Matt Cooke Is Cooked for at Least 14 Games

Mark RitterSenior Writer IMarch 21, 2011

PITTSBURGH, PA - FEBRUARY 21:  Matt Cooke #24 of the Pittsburgh Penguins warms up before the NHL game against the Washington Capitals at Consol Energy Center on February 21, 2011 in Pittsburgh, Pennsylvania. The Capitals defeated the Penguins 1-0.  (Photo by Christian Petersen/Getty Images)
Christian Petersen/Getty Images

NHL senior executive vice president of hockey operations Colin Campbell issued a statement today saying: 

“Mr. Cooke, a repeat offender, directly and unnecessarily targeted the head of an opponent who was in an unsuspecting and vulnerable position. This isn't the first time this season that we have had to address dangerous behavior on the ice by Mr. Cooke, and his conduct requires an appropriately harsh response."

Campbell was referring to Pittsburgh Penguins forward Matt Cooke’s suspension for his dangerous hit on New York Rangers forward Ryan McDonagh for which Cooke will be suspended for the rest of the regular season and the first round of the Stanley Cup Playoffs.

What it amounts to is a suspension that will last at least 14 games (10 regular season, four or more playoff games).

This latest suspension marks the second time Cooke has faced disciplinary action this season and the fifth time of his career that Cooke has found himself in trouble with the NHL.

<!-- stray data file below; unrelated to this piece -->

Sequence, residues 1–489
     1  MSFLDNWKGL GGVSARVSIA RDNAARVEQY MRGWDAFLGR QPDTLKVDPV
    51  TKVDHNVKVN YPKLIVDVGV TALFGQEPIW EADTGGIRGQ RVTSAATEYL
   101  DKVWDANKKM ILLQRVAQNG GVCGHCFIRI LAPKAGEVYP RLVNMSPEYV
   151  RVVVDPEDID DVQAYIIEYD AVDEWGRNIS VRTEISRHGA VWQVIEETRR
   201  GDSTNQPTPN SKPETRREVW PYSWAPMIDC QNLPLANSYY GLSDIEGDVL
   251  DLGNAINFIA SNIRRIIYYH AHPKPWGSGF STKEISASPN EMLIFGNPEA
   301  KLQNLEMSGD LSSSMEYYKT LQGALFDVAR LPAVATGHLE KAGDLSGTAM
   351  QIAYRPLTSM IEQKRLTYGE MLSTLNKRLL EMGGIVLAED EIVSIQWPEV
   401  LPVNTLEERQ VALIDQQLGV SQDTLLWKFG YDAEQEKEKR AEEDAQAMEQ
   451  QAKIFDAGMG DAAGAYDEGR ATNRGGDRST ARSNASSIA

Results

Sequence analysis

Known as a tenacious, sometimes agitating forward, Cooke has had a hard time separating his tough play from dangerous hits, including the hit heard around the world when Cooke almost decapitated Boston Bruins forward Marc Savard last season with a dangerous blindside hit.

That hit led to the NHL’s adding rule 48 which made a lateral or blind side hit to an opponent where the head is targeted and/or the principal point of contact illegal punishable by supplementary discipline from the NHL.

Needless to say many NHL players and general managers were glad to see Cooke suspended. Pittsburgh Penguins general manager Ray Shero had no issue with the suspension, even going so far as to call his player out for his inappropriate/dangerous actions:

"The suspension is warranted because that's exactly the kind of hit we're trying to get out of the game. Head shots have no place in hockey. We've told Matt in no uncertain terms that this kind of action on the ice is unacceptable and cannot happen. Head shots must be dealt with severely, and the Pittsburgh Penguins support the NHL in sending this very strong message."

It will be interesting to see if former NHL great and current co-owner of the Pittsburgh Penguins will chime in with any comments.

Lemieux first spoke out about the increase in violence in the NHL several weeks ago, stating that if the NHL didn’t do a better job of “protecting the integrity of the game and the safety of our players” he (Lemieux) would be forced to re-examine whether or not he wanted to be a part of today’s NHL.

Lemieux further attacked the NHL a few weeks later after Boston Bruins defenseman Zdeno Chara appeared to have intentionally checked Montreal Canadiens forward Max Pacioretty into a stanchion back on March 8th.